Now Showing at: most major theaters.
Review by: Larry Thomas
Every so often, something magical happens at the movies. In the current climate of pandering to the lowest common denominator, that doesn’t happen nearly enough. And sometimes such magic comes from a most unexpected source. I’m referring to Martin Scorsese’s Hugo, a beautifully crafted, heartfelt film that’s among the best of his career. Although Scorsese is noted for gritty, violent urban dramas, Hugo is a complete 180 for him, and a real cinematic treat for us.
Hugo is a PG-rated, family-friendly tale, but is not what would get tagged as a “kid’s” movie…not in the same sense that you might use a film a babysitter. Hugo is a twelve-year-old orphan who goes to live with his drunken uncle in the bowels of the Paris train station in the late 1920s. He teaches Hugo how to wind, and care for, all the clocks in the station. Since Hugo and his father were mechanically adept, this comes naturally to the boy. When the uncle wanders off, Hugo decides that if he keeps the clocks running, no one will care if he stays there. However, to continue his passion for tinkering, as well as to feed himself, Hugo must resort to also becoming adept at light-fingered larceny.
As in any good cinematic outing, Hugo crosses paths with a variety of fascinating characters, which are personified by some outstanding performers. Ben Kingsley is the gruff old man who owns a small toy store in the station. He knows Hugo is stealing spare parts from his shop and is determined to make him stop. His goddaughter is an inquisitive fourteen-year-old who is a confirmed bookworm with personality to spare. She is played by Chloe Grace-Moretz, who gets better with every film in which she appears. Sacha Baron Cohen is the resident gendarme at the station, and while the character is somewhat humorous, it is Baron’s best performance ever. Cohen’s character, like Kingsley’s, has deep rooted emotional scars that he tries to repress within himself.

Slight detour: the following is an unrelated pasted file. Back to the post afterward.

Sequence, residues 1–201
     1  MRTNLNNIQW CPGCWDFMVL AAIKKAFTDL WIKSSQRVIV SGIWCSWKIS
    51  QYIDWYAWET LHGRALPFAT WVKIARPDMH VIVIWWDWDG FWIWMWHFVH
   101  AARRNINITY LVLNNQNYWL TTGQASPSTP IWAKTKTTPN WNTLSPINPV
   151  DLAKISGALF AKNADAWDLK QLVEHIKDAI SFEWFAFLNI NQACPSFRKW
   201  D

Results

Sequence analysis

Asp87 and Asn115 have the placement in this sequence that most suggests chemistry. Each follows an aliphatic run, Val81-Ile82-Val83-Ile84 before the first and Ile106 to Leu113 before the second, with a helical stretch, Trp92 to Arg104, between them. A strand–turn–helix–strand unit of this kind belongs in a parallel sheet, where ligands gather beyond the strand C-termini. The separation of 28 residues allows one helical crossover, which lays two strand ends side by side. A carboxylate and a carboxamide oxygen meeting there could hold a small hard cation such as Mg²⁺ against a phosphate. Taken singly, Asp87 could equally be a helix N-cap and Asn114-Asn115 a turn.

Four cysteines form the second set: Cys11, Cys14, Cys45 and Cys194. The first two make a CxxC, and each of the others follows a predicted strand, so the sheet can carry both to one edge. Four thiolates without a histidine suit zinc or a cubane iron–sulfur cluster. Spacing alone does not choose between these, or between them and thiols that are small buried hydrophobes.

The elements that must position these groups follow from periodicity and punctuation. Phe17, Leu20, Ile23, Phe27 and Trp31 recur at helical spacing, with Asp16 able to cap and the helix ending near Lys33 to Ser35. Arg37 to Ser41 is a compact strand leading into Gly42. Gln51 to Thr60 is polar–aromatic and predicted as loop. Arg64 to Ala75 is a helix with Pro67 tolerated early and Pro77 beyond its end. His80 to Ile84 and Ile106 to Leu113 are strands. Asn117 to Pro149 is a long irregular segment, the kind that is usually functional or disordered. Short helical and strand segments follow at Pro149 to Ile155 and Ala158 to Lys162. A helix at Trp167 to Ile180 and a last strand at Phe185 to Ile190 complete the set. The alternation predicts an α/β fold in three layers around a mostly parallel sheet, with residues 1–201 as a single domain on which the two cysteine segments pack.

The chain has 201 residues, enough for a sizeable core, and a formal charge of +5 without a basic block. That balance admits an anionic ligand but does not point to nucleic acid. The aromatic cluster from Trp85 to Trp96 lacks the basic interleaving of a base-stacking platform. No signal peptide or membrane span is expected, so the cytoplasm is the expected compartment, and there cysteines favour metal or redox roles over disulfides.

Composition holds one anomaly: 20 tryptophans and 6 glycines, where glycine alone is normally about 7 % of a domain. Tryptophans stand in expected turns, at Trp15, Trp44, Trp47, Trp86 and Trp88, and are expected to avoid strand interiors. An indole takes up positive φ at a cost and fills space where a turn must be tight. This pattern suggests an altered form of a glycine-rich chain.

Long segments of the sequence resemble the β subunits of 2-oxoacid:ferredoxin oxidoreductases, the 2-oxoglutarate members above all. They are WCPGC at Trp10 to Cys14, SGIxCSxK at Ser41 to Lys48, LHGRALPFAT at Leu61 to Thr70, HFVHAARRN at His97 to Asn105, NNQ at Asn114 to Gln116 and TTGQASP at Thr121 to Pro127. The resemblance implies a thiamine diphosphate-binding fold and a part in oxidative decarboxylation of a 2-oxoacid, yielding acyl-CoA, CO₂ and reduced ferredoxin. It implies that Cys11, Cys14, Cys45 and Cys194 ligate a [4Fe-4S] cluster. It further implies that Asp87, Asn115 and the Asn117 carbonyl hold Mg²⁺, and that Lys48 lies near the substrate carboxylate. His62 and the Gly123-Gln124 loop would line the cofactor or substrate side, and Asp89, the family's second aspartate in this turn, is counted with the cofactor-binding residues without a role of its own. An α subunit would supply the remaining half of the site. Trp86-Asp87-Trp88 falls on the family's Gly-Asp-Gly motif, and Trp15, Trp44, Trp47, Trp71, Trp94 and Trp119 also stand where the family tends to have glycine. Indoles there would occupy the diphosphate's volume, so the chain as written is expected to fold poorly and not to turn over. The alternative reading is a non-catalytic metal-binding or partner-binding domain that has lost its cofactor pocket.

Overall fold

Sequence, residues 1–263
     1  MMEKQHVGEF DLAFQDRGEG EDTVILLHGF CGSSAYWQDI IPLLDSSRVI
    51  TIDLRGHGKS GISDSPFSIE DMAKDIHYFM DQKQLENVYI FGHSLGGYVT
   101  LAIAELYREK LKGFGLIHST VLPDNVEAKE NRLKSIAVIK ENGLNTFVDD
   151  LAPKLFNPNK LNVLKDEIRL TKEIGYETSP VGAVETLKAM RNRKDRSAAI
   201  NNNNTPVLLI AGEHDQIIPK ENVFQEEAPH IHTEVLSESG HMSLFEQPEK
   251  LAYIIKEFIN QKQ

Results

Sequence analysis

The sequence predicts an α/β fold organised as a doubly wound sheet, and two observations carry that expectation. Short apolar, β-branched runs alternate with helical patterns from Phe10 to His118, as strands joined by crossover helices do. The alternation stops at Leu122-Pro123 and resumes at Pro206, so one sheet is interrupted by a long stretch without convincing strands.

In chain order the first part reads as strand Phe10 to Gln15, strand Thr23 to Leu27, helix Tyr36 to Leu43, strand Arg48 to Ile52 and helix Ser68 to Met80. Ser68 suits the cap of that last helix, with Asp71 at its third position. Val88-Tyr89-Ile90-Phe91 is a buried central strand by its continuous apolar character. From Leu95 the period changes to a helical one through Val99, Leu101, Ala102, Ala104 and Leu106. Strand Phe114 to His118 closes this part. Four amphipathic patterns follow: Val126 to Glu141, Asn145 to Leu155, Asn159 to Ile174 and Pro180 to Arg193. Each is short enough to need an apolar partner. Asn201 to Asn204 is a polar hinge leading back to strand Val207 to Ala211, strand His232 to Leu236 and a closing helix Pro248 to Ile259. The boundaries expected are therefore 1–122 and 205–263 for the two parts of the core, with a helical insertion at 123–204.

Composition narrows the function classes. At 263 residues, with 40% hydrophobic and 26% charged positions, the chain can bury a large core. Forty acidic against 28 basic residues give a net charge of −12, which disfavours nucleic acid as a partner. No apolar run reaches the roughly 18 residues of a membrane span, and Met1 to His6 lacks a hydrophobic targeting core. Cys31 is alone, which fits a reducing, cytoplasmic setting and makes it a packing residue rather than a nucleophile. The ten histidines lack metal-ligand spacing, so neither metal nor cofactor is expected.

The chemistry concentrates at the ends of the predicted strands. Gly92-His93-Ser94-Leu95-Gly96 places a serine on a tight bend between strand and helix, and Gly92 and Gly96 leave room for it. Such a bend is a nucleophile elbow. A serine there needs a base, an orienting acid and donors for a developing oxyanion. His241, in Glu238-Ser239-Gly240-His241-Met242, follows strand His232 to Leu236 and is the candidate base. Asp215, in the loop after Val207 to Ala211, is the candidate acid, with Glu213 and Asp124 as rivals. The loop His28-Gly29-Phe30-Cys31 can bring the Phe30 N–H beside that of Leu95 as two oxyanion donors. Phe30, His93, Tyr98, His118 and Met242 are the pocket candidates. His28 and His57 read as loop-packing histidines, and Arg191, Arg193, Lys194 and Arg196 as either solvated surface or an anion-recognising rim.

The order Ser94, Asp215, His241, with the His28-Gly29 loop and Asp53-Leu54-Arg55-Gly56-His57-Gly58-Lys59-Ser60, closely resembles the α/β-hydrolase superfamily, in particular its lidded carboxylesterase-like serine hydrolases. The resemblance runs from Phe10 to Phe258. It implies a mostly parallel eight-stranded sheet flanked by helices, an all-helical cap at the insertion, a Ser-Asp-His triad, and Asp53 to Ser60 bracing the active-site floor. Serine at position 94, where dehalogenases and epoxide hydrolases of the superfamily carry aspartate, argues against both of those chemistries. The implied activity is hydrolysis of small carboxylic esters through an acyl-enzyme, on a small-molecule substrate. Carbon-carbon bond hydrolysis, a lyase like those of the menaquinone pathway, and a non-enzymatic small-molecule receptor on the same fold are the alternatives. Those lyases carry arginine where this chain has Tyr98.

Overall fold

Hugo is newcomer Asa Butterfield, who is fine in the role and will likely have a good career in his future. But there’s another character that makes the film come alive… 3-D. Usually, the dimensional photographic process is used as a gimmick, to startle or surprise. In Hugo, the 3-D is such an integral part of the cinematic process that it’s completely captivating and dazzling. The shots, sets, and design of the film are all crafted to make the most of 3-D.
Also seen in smaller roles are Christopher Lee, Ray Winstone, Emily Mortimer, and Jude Law, as well as several unfamiliar faces who are equally impressive. The terrific composer Howard Shore, who scored everything from Silence of the Lambs to Lord of the Rings, contributes an almost wall-to-wall musical accompaniment that is among the best he’s ever done.
The film’s climax reveals Scorsese’s passion in life: film, and film preservation, and is one of the most moving, emotional finales I’ve seen in ages. In fact, Hugo is so good you may find yourself in need of a Kleenex or two.
And when you go see Hugo, you absolutely must see it in 3-D. When comparing the quality of all the 3-D movies made during the current use of the dimensional process, Hugo is the victor.
The PG-rated Hugo is now showing in semi-limited, but accessible, release, and is the must-see film of the holiday season.